The second case has to do with the accusation of bigotry, and is often made by political activists or academics against Christian opponents. The subject of controversy may be one of any number of hot-button social issues where political and religious values clash -- women's rights/fetus rights, gay marriage, government-run healthcare, even minimum-wage and climate change. In fact, the scope of political intrusion in personal life is so extensive today that almost every political decision has religious/moral implications -- tax policy, gun laws, immigration, even zoning rules. It is not uncommon for the focus of the dispute to shift from policy details to the alleged motivation of those who disagree with them. The Christian who speaks up is accused of being a homophobe, misogynist or racist. As we saw in the previous bias blog post, the use of ad hominem arguments is a convenient way to avoid defending the policies themselves. It is also an indicator of possible bigotry on the part of the one who uses these labels.
To judge by the frequency of the accusations of bigotry, America must be seething with unwashed hordes of racists, rightwingers, Klansmen and of course woman-haters (many of the latter being female). There must be something vitally wrong with American society to produce all these malcontents... and indeed there is. As a disease may manifest itself in a body in multiple symptoms, so there is a common ideological basis for many of these alleged extremisms. If we were to name that ideology, it might be the "Judeo-Christian heritage" in American history. This is the idea, expressed in the roughest terms, that America has a divine destiny, a transcendent purpose, a responsibility and accountability to God (variously defined) -- and is not just an experiment in human engineering for the good of the greatest number or for the party in power. This core idea, which can be traced to the very founding of this nation, has been treated by our media, educators, entertainers, and many political authorities as a pestilence to be eradicated. This is done by legal means (eg pro-abortion laws, gay marriage, prohibition of teacher-led prayers), but more pervasively by public ridicule, propaganda, values conditioning (i.e. "diversity training"), and disenfranchisement (when judges overturn state-wide propositions that were passed by the voters -- such as Prop 8 in California).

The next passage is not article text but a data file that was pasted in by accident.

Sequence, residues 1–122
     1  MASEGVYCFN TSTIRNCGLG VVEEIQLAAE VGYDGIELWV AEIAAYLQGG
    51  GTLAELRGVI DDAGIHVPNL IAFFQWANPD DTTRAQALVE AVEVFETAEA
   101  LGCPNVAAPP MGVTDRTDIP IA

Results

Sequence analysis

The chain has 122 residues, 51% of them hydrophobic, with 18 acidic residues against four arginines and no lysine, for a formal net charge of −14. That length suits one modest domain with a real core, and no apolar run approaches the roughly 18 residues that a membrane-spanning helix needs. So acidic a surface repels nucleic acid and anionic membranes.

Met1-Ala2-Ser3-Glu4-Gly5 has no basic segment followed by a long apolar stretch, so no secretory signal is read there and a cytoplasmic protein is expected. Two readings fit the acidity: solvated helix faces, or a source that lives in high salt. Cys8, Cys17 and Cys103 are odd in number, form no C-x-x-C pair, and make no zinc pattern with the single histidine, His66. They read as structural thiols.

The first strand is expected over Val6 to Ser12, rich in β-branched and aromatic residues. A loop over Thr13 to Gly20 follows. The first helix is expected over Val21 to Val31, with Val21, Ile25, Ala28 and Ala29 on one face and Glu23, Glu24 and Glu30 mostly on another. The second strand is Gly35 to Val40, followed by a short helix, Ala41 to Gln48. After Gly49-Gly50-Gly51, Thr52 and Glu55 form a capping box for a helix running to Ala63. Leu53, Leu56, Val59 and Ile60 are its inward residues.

In these cases, the accusation of bigotry against Christians is a cover for the real objective, which is the eradication of Christian influence in the public arena. The real issue isn't really a manger scene at the town hall, or a cross erected on public property decades ago, or an innocuous prayer at a civic gathering. It's about depicting Christianity as a negative legacy of history, and suppressing any expression of it. It's also about re-imagining the future America as a religionless state -- at least insofar as public influence is concerned. One might justly characterize the secularist agenda as a campaign against transcendent values of any kind. Humanism is the trump card of the hour. Secularism's goal is more than just the dethronement of Christianity in the public sphere, it intends to eliminate all value systems that claim divine origin. This means that most accusations of bigotry against people of faith by political, media or academic leaders are actually projections of their own bigotry against religion itself.